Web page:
The December 1934 assassination of Stalin's right-hand man Sergei Kirov served as one of the triggers for the Great Purge of the Soviet Communist Party. Littlepage noted that the assassination when occurred "the country had just begun to settle down to a fairly comfortable routine after the painful years which followed the Second Communist Revolution."[14] Just a few months prior "in the summer of 1934, the Government had announced... that the federal police... would no longer have the power of arrest people.... for five years without open trial. Now the Government announced the old powers were restored to the police, and the latter began to exercise them with the greatest vigor."[15]

The authorities use forced labor consisting not only of small farmers, but of every other group [deemed] socially undesirable [for examples] former priests and Mohammedan holy men... The recent purges, which have affected hundreds of thousands of persons, have no doubt added to the labor army. Ordinary criminals, such as murderers and thieves are mixed up indiscriminately... with members of various disfavored groups such as the kulaks, nomads, ex-priests, and the like. In fact, the authorities... treat a brutal murderer, as a rule, with more consideration than a small farmer who didn't want to turn his domestic animals and house and garden into a common pool with his neighbors to make a collective farm.[16] [bolding added]

Littlepage's success earned him the Order of the Red Banner of Labour and a Soviet-built Ford Model A the latter being regarded as one of the most precious gifts of the time in the USSR. Littlepage was to return to the US several times to recruit more engineers into the Soviet gold mine industry: at the time of the Great Depression there was never a shortage of willing candidates. Many of the thousands of US workers who emigrated to the USSR at the time in search of work subsequently became victims of the Terror.[5]

In 1936, Serebrovsky's Russian-language book On the Gold Front was published; however his book was "withdrawn from circulation very shortly after it appeared because some of the men mentioned in it were later discovered to be conspirators."[17] Serebrovsky was eventually "unmasked", according to Stalin's own report, as a "vicious enemy of the people" who had delivered no less than 50m gold bars to Leon Trotsky. Dubbed the "Soviet Rockefeller" for his work on the Caucasian oil fields, Serebrovsky was executed and Littlepage was tainted by his connection to Serebrovsky; Littlepage found himself starved of work. Petrified Russian employees refused to come anywhere near him, a friend of an executed "enemy of the people" and a foreigner at a time when foreigners were deeply distrusted by the paranoia which dominated Soviet policy.[18]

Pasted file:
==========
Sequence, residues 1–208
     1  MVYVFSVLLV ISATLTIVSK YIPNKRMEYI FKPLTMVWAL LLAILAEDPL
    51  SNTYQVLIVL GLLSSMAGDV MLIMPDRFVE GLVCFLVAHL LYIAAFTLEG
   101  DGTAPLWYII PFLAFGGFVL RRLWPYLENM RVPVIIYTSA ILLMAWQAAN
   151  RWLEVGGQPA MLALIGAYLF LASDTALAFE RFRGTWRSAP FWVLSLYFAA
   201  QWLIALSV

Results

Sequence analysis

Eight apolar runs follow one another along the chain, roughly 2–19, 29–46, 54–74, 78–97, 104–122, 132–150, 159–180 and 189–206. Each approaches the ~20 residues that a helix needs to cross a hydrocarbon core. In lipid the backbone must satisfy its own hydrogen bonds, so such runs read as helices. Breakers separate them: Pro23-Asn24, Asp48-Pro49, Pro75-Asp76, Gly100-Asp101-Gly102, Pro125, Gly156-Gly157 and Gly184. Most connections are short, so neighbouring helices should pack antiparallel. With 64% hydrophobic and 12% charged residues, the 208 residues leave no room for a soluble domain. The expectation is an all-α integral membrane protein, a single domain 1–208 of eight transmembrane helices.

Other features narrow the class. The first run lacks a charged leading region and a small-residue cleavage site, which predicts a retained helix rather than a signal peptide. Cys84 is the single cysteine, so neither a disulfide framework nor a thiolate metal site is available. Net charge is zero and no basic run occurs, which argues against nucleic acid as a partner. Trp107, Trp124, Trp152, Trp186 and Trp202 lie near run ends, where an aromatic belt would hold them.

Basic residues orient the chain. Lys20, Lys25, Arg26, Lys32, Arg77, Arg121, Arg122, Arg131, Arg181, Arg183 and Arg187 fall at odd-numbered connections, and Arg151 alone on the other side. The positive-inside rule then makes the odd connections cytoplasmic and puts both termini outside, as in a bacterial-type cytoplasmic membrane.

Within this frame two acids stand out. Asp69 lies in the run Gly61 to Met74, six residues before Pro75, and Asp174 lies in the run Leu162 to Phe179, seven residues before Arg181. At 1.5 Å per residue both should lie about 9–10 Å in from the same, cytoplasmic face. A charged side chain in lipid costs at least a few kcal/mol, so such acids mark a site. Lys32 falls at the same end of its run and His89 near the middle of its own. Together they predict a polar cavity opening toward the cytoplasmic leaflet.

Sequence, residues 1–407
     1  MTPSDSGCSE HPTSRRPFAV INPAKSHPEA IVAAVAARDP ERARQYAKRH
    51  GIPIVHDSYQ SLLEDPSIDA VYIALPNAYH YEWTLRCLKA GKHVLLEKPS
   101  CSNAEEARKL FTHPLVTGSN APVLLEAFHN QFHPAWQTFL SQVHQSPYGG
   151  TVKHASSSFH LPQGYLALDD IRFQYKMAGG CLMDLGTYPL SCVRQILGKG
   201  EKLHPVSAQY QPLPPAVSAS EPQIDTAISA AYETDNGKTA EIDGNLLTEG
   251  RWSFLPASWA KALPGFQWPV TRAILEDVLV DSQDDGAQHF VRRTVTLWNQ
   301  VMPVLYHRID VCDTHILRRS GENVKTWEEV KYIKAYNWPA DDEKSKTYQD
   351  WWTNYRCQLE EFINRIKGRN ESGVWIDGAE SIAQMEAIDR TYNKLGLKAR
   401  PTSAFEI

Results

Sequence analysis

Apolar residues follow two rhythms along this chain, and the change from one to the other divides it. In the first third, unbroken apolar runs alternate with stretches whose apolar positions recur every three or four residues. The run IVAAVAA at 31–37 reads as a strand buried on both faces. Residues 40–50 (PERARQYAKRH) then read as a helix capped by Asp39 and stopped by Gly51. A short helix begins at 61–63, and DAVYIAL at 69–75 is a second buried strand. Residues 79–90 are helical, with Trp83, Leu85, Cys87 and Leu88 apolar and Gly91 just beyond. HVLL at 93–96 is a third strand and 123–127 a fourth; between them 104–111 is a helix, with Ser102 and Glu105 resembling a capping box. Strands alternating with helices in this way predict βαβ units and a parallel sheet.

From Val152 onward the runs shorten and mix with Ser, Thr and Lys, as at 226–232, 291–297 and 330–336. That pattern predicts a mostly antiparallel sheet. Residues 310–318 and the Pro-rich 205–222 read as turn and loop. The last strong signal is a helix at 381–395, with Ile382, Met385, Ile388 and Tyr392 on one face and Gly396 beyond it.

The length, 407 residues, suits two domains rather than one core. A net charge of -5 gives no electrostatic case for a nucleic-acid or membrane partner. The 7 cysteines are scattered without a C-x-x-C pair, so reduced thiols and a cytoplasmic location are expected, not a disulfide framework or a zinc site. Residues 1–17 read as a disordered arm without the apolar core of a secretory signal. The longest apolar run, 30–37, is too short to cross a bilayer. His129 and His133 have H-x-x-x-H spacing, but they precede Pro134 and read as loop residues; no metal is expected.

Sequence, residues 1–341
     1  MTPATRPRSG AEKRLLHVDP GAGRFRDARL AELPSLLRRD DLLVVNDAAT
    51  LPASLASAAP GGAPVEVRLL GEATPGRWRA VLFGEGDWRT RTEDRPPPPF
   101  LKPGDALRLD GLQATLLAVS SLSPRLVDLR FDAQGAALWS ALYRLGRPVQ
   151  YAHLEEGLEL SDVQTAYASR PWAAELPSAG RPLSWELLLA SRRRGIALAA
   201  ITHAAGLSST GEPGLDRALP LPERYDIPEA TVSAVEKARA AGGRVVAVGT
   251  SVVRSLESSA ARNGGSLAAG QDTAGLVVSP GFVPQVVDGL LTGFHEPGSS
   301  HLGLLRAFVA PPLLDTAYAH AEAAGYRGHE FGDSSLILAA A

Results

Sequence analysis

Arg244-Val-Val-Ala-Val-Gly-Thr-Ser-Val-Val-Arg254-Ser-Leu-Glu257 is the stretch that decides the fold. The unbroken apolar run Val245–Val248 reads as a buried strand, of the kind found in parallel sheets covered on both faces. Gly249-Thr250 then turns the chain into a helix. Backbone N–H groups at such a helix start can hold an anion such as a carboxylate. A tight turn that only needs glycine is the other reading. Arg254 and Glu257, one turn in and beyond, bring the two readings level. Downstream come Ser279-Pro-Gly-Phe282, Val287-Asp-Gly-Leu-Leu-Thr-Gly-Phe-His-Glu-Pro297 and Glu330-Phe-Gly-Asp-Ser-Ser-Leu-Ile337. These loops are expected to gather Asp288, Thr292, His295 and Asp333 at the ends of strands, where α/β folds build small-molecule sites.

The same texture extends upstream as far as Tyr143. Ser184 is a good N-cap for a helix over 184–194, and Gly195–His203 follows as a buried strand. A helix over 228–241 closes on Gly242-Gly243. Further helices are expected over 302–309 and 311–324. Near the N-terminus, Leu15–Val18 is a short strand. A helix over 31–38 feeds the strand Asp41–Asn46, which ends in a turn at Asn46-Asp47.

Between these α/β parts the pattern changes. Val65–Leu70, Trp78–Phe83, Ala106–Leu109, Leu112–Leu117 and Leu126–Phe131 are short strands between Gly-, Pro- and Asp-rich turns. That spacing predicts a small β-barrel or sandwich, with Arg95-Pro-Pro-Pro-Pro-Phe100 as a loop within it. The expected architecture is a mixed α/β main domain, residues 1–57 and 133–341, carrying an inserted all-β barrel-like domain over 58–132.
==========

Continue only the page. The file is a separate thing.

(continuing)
[As] an American, I am not compelled or expected to do many of the things which Soviet engineers have to do, and which cut down their efficiency to a fraction.[19][20] [Engineers] must take an active part in the country's political life [spending] hours every day on matters which have nothing to do with production... In addition to this, Soviet engineers are subjected to several times more paperwork than western industrial countries.[21] [bolding added]

Remarkably, Littlepage was one of the few immigrants from the US allowed to leave the USSR during the Terror: those who remained captive were killed or persecuted. Littlepage left the USSR shortly after an interview at the US embassy in Moscow on 22 September 1937 in which he asserted his opinion that Soviet industry Commissar Georgy Pyatakov had organized "wrecking" in various gold mines.[18]

In a series of articles for The Saturday Evening Post Littlepage described a continuing "Far Eastern gold rush" and the "intrepid men and women" prospecting the wastes of Eastern Siberia. Even when responding to questions from the US War Department, Littlepage did not mention the legions of slaves deployed to extract the gold in lethal conditions in the frozen wastelands of the Gulag in north-eastern Siberia.[18] Littlepage authored a book on his experience: "In Search of Soviet Gold" jointly with foreign correspondent for the Saturday Evening Post and The Christian Science Monitor Mr Demaree Bess[22][23][24] (Jan 1, 1938), ISBN 0405030444.



See also[edit]